Pes planus, commonly known as flat feet, is a common condition that affects one in four individuals in the United States. Flat feet are characterized by the absence of an arch in the feet, causing the soles of the feet to remain in contact with the ground. Children typically have a flat feet until the tendons, ligaments and bones in the feet mature. Inflammation of the Achilles tendon, posterior tibial tendon or calf muscles can cause flat feet in adults. When the tendons and ligaments in the calf, foot and ankle become damaged or torn, the arch in the foot progressively deteriorates. Perform exercises that target and stretch these tendons and muscles to support the arch in your feet and correct pes planus.
Posterior Tibial Realignment When Walking
The posterior tibial tendon extends from the calf muscles to the inside of the ankles and feet, and is responsible for supporting the arch in the feet. As a result of the aging process, this tendon becomes weak, stretched and torn, resulting in inflammation and swelling on the inside of the ankle. As this tendon becomes inflamed and overstretched, the ligaments surrounding the arch of the foot also stretch and tear, causing the foot to turn inward at the ankle and the arch of the feet to collapse. Performing exercises that strengthen the posterior tibial tendon as well as the surrounding muscles and ligaments can help support the arch and promote flexibility in the feet. Enter the starting position by standing and placing both hands on your buttocks. Bring your abdomen inward, contract your gluteal muscles, slightly bend your hips and knees and take a step forward, ensuring that the balls of your feet remain in contact with the floor with each forward movement. With each step, place the balls of your feet on the ground and place an equal amount of body weight on the balls of your big and little toe. Take 10 more steps, ensuring that you contract your gluteal muscles with each step.
A rehabilitation exercise for posterior tibial tendonitis is a heel raise. This exercise targets the tendons, ligaments and muscles in the sole of the feet and the inside of the ankles to correct the inward rotation, or pronation, of the ankles. It also stretches the Achilles tendon, which is located about the heel bone. Stand behind a chair and place your hands on the back of the chair for support. Lift your body on your toes, and hold for five seconds. Remove your hands from the chair, and slowly lower yourself. Perform three sets of 10 repetitions to strengthen the posterior tibial tendon and correct flat feet.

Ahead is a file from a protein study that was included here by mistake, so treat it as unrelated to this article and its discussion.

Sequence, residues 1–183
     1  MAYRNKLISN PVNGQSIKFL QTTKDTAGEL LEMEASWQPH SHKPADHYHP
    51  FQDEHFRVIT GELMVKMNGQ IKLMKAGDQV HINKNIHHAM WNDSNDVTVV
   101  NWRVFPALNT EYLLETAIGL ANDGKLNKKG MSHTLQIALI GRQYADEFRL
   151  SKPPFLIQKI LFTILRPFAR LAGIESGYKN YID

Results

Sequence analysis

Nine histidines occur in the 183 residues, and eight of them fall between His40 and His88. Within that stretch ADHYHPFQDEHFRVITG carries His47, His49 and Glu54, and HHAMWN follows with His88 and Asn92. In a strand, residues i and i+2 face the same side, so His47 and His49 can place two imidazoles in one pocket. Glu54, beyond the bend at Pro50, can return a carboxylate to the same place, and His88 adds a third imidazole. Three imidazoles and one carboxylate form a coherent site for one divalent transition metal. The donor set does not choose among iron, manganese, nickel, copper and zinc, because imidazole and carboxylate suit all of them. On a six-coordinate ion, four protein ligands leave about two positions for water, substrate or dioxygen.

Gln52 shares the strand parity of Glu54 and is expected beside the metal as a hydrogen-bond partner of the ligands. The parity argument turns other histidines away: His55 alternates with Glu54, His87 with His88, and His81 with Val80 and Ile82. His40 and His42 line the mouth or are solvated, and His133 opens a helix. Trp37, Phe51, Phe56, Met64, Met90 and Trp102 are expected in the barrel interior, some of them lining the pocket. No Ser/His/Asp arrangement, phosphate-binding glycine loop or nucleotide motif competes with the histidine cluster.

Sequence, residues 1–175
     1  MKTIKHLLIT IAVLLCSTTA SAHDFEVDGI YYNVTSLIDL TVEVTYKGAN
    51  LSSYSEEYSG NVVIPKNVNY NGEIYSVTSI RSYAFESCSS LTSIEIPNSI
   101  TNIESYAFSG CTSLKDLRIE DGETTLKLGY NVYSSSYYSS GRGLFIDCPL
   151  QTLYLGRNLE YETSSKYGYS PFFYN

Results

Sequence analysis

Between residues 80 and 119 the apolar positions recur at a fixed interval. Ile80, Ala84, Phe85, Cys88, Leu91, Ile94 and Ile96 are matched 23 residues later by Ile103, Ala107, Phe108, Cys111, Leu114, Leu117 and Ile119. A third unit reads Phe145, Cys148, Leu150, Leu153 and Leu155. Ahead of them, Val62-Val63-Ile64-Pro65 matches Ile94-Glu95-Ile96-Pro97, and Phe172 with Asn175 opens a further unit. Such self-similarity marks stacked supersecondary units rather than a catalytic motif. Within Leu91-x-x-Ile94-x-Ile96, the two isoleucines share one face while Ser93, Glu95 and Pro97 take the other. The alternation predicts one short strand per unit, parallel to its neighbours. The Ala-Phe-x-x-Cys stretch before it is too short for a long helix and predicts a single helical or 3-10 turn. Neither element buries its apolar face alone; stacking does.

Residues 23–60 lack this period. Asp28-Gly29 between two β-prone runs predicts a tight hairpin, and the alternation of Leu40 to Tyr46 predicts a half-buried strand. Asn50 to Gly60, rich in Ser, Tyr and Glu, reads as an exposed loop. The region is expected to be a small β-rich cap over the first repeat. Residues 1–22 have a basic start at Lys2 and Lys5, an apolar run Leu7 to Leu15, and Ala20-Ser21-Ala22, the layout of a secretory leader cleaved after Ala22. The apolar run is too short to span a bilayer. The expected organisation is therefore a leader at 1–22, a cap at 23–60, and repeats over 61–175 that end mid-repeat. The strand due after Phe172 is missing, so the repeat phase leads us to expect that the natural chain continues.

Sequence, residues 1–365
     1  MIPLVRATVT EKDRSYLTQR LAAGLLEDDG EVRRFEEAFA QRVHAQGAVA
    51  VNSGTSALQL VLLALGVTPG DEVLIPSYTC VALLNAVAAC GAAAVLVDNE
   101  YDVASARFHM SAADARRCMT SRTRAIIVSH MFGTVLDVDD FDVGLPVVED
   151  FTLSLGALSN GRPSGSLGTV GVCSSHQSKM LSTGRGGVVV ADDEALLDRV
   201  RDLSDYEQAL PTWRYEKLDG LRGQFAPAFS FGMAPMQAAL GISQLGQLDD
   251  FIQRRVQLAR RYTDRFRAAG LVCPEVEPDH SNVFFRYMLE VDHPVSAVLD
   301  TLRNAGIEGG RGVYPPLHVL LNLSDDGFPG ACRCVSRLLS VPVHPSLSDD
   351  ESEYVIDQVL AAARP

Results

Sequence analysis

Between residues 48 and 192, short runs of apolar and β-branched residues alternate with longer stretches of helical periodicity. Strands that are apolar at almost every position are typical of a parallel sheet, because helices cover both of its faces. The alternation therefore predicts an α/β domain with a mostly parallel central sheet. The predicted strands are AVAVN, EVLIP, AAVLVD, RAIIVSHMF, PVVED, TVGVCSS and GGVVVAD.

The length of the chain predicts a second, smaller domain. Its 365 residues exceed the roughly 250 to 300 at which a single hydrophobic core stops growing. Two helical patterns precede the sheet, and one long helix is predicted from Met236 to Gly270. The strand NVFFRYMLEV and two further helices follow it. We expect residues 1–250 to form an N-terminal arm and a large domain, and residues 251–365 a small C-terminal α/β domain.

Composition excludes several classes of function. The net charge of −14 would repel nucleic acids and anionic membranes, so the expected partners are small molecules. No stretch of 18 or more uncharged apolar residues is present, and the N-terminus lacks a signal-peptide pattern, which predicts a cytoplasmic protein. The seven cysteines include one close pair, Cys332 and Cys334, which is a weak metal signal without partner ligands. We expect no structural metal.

The Achilles tendon connects the calf muscles to the heel bone, and tightness in this tendon is a common cause of flat feet in adults. The Achilles tendon is required for foot mobility and may become strained or inflamed as a result of overuse or injury. When this tendon becomes inflamed or tight, the heel is forced off the floor and the foot begins to point down. The foot tries to compensate for the flexion or pronation by flattening, or causing a collapse in the arch of the feet. Perform a towel stretch to stretch the Achilles tendons, reduce the inflammation and pain, reduce the pronation in your feet and correct flat feet. Begin by sitting on the floor and looping a towel around the balls of your feet. Ensuring that your torso and knees remain straight, pull the towel toward your body until you feel a slight stretch in the Achilles tendon and your calf muscles. Hold this position for 30 seconds and relax. Perform one set of 10 repetitions, once daily.
When the calf muscles are tight or strained, an excess amount of stress is placed on the Achilles tendon, contributing to flat feet. Begin this exercise by standing in front of a wall. Bring both arms up to shoulder level and place them on the wall. Bring one leg in front of your body and bend the knee. The lagging leg should remain straight and the heel planted on the floor. Perform a calf stretch by leaning into the wall, keeping your hind leg straight and heel planted on the floor. Continue to forward lean until you feel a stretch in your calf muscles. Hold this position for 10 seconds and relax. Perform one set of 10 repetitions on each foot.
- University of Washington Medical Center; Flat Foot (Pes Planus); Bruce J. Sangeorzan, M.D.
- PodiatryNetwork.com: Adult Flatfoot; Douglas H. Richie Jr., D.P.M.
- EasyVigour: Posterior Tibial Tendonitis
- Summit Medical Group: Posterior Tibial Tendonitis
- American Academy of Orthopaedic Surgeons: Achilles Tendonitis; June 2010
- Medline Plus: Pes Planus; March 2009
- New York Times Health Guide: Pes Planus; March 2009
- MayoClinic.com: Flat Feet; April 2010
- Orthogate.org: Posterior Tibial Tendon Problems; July 2006
- American Academy of Orthopaedic Surgeons: Adult (Acquired) Flatfoot; October 2002
- University Foot and Ankle Institute: Posterior Tibial Tendon Tear Adult Acquired Flatfoot